Jess just swaggered casually after them. If you haven’t got respect, you’ve got nothing!
Jess had her weaknesses. She hated fireworks. We ended up fetching her into the house on bonfire night after one occasion when she’d slipped collar and disappeared for three days.
She also disliked the internal combustion engine. A quad bike was OK; it allowed humans to move at a sensible speed. But she loathed riding in cars. One time we had some cattle on some land rented away. I thought it would be nice for her to look stock somewhere new. But when I came to put her back in the car, she disappeared. She was gone for about four days until the person whose land it was phoned to say he’d seen her and shut her in a barn. I was passing with a tractor and cattle trailer and dropped in to collect her. She’d already escaped from the barn but when she saw me she was pleased to see me and came over and allowed me to carry her into the tractor cab with me. On the way home she started off in the left foot-well. She climbed up onto the left window seat, wormed her way behind me to the right window where she sat on top of the hydraulics, down into the right foot-well, up onto the dash, then down into the left foot-well again. She’d nervously made three circuits of the tractor cab, looking totally stressed out, by the time I got her home.
She had a large area that she called hers. She’d wander it when she was ‘off duty’. One time at the farm next door the lady of the house had sat down to watch the TV in the comfort of her own front room. She put her hand down to pick up the TV guide from beside her chair and instead found Jess who’d wandered in and was just sitting companionably next to her.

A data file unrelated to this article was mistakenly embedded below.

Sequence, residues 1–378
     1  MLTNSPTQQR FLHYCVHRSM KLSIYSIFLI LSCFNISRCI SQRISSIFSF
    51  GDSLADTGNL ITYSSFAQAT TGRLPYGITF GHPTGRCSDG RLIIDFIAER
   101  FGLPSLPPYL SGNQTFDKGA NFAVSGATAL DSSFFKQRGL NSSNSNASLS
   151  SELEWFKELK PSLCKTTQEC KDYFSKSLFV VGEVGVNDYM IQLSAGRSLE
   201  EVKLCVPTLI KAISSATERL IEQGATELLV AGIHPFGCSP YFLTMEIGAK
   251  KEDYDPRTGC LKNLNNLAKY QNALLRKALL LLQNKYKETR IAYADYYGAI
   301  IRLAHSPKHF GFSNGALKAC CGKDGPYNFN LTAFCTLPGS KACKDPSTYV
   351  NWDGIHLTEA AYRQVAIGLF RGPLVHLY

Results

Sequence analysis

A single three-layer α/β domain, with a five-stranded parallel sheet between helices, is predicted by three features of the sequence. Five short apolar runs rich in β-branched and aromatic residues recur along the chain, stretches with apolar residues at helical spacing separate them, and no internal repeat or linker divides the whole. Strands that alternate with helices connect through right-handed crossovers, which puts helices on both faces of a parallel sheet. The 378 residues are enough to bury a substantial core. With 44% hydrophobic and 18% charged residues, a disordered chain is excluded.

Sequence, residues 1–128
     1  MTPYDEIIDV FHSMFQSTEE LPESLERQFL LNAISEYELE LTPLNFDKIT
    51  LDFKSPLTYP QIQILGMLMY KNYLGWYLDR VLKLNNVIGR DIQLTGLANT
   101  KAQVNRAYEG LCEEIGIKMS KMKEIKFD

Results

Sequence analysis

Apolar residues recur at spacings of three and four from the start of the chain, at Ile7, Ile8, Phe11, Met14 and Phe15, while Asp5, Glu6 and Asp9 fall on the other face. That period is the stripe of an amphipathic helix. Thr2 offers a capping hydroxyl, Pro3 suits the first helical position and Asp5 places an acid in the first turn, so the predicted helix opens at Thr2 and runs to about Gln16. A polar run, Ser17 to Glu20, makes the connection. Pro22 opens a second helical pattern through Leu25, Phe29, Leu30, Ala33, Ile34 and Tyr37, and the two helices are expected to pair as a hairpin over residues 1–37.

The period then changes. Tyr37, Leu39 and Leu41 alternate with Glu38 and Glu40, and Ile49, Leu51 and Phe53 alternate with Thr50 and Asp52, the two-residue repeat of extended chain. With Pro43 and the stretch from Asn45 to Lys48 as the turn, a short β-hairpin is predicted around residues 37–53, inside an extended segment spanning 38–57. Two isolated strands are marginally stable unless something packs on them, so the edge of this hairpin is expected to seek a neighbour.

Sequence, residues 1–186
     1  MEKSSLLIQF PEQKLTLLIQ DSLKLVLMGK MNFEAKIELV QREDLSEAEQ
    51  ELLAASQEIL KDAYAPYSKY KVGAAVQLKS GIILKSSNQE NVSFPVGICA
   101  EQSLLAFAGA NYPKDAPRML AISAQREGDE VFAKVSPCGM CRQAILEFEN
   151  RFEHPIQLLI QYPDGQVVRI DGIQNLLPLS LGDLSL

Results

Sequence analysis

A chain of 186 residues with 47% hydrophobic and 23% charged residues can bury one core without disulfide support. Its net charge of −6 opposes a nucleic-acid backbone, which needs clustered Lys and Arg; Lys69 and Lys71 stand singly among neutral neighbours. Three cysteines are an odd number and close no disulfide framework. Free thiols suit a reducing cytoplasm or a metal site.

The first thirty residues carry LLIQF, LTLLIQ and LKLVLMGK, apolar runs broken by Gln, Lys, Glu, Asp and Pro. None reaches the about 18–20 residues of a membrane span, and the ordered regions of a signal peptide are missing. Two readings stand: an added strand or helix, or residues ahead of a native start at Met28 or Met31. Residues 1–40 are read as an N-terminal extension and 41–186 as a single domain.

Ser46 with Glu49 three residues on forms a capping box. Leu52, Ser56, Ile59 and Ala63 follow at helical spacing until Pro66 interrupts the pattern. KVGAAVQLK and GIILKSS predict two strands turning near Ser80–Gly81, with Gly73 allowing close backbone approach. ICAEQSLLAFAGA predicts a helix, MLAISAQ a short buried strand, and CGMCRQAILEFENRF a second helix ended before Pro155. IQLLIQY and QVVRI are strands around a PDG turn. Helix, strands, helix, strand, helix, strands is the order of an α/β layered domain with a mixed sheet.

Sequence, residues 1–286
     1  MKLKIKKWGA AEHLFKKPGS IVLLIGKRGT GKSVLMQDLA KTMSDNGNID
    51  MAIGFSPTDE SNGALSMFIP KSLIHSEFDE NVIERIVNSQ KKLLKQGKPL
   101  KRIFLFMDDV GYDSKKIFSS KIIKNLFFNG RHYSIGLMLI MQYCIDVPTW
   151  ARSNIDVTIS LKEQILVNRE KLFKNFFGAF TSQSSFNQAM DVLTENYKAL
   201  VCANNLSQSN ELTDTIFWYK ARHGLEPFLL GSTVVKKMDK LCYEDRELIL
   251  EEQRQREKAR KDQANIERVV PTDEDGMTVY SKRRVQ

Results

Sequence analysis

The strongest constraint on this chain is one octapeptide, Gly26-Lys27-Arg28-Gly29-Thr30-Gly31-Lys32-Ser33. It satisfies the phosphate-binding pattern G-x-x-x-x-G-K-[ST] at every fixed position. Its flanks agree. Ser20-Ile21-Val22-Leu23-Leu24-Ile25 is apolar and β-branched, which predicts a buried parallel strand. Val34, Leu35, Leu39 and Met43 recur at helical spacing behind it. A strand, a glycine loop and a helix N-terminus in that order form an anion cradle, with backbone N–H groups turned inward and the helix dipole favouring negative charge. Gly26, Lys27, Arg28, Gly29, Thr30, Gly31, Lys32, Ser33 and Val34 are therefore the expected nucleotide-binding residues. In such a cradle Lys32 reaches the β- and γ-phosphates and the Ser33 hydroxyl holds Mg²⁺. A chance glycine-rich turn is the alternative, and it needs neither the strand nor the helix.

She wasn’t a big on for playing with balls and suchlike. Colin our vicar at the time was a bit worried that his dog (which had Border Collie in it) might take to chasing sheep. So we fetched his dog down and took the two dogs into the field with some sheep. I had Jess gather the sheep and the other dog looked on with total disinterest. Colin then threw the ball and his dog sprung into action, almost knocking Jess over to get to it. She just watched with incomprehension as this other dog played with a ball. When Matt arrived with his three dogs, they were working dogs but also would play with a ball. I’d kick the ball, Matt’s three dogs with pile in and chase it, and Jess would run with them, avoiding the ball but barking enthusiastically at the others, without actually contributing anything to the chase. She’d probably invented management.